Wilkins: First Nations and states, contesting polities
The U.S. Supreme Court in an historic case in 1886, U.S. v. Kagama, which devastated tribal sovereignty by affirming the legality of the 1885 Major Crimes Act that problematically extended federal criminal jurisdiction over "all" Indians for seven major crimes - murder, manslaughter, rape, etc., (today that number has increased to 14 crimes) - more accurately declared in that same case that state governments could be characterized as the "deadliest enemies" of indigenous nations.
This has been the case ever since the beginning of the American republic. State officials have represented ever-expanding non-indigenous populations that have always clamored for more Indian lands and resources, and which have constantly sought to extend their authority over tribal peoples and their territories. States have consistently clamored for rule over Indian nations despite existing safeguards that deny them such authority - treaties, federal supremacy over the nations' Indian policy (not over Indian peoples), the trust doctrine, and finally state constitutional disclaimer clauses. I'll return to discuss the disclaimers momentarily.
Today, as state governments flail away in an ever deepening economic crisis of their own construction - and denied help from a supposedly states' rights oriented Bush Administration and Republican Congress - the clamoring has expanded to outlandish attempts by state governors and legislatures to compel Indian tribes with successful gaming operations to pay more of their hard-earned proceeds to state coffers to help with their self-inflicted deficit burdens.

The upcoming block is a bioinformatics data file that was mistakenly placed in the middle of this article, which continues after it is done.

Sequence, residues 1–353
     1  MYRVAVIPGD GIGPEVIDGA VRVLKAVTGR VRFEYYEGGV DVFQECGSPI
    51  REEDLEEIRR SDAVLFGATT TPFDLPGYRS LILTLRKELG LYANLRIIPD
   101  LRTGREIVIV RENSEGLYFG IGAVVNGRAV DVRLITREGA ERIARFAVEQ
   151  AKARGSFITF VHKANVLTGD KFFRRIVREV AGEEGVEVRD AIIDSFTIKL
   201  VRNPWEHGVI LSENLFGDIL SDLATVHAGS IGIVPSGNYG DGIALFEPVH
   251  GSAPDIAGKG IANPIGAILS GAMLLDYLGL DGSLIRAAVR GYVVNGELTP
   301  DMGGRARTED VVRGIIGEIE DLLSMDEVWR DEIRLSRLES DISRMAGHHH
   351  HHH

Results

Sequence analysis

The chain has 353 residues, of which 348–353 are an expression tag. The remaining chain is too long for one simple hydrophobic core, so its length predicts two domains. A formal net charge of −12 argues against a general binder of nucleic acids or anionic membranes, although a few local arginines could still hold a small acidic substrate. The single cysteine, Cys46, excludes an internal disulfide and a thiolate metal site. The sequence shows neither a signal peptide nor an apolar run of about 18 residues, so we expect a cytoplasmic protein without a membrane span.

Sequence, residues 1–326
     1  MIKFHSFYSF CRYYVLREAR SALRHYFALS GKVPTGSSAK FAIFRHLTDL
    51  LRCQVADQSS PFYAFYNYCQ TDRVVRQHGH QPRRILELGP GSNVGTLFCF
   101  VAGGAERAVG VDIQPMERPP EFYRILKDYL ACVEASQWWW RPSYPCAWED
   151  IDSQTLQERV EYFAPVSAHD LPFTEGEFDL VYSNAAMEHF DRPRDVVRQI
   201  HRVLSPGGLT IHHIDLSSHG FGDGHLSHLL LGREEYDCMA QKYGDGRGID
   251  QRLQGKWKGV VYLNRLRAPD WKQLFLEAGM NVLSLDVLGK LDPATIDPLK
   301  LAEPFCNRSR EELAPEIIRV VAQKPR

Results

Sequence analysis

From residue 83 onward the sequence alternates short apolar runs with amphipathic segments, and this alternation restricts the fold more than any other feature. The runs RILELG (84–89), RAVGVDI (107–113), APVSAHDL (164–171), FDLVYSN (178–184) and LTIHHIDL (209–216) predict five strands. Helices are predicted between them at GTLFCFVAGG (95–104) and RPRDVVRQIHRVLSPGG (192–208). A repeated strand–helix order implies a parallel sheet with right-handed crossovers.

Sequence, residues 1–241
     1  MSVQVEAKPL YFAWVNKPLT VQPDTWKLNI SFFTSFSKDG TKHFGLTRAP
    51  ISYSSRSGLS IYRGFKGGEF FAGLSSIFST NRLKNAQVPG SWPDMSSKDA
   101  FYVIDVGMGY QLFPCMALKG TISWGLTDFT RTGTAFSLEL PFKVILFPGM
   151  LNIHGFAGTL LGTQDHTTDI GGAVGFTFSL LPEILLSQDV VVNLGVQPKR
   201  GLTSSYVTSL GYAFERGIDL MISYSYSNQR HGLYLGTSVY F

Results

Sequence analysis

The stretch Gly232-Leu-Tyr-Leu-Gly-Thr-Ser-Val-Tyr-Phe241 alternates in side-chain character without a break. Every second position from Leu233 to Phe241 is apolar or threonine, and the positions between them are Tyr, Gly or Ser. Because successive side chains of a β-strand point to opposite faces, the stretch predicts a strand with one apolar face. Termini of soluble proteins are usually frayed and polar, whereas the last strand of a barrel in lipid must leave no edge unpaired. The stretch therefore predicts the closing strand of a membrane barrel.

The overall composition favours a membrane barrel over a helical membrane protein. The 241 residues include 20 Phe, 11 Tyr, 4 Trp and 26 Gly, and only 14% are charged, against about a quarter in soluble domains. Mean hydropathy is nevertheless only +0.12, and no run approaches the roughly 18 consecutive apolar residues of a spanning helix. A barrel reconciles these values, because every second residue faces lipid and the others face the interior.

Governor Gray Davis of California is currently seeking an additional 1.5 billion in annual revenues from tribes; Governor James Doyle of Wisconsin recently forced six of the 11 tribal nations to sign new compacts that will net the state some 200 million over the next two years, a steep increase from the 24 million the tribes had paid the previous year. Other states are contemplating their own squeeze plays on tribal government revenues.
States have been emboldened to extract these additional monies in part because a series of U.S. Supreme Court decisions since the early 1990s have elevated the questionable notions of states' rights and state sovereign immunity to levels not seen since the 1890s. Furthermore, states have been more audacious in their efforts to pressure tribal nations to surrender more of their revenues because Congress has failed to aggressively respond to the judiciary's usurpation of congressional authority over the field of federal Indian policy. Congressional lawmakers have also failed to respond partly because they, too, benefit from tribal resources and because they enacted the law, the Indian Gaming Regulatory Act in 1988, that actually created the conditions that gave states a heretofore unheard of economic inroad to Indian economic development decisions by requiring tribal leaders to negotiate compacts with states before they could enter the lucrative gaming industry.
This was a critically demeaning requirement thrust upon tribal government leaders by their federal trustee - that tribes be required to negotiate compacts with their oftentimes "deadliest enemies." After all, state governments have never been similarly required to negotiate compacts with tribes for their economic decisions, much less be expected to pay ever escalating percentages of their revenues to tribal nations should Indians fall upon hard economic times (which has been their perpetual status from the late 1800s to the advent of Indian gaming).
States, you see, especially the 11 western states (Alaska, Arizona, Idaho, Montana, New Mexico, North Dakota, Oklahoma, South Dakota, Utah, Washington, and Wyoming) home to more than 80 percent of the indigenous nations and a majority of the 278 reservations and trust areas, have no inherent constitutional authority to exercise jurisdiction or any taxation power whatsoever over Indian lands or peoples, absent express tribal and federal consent.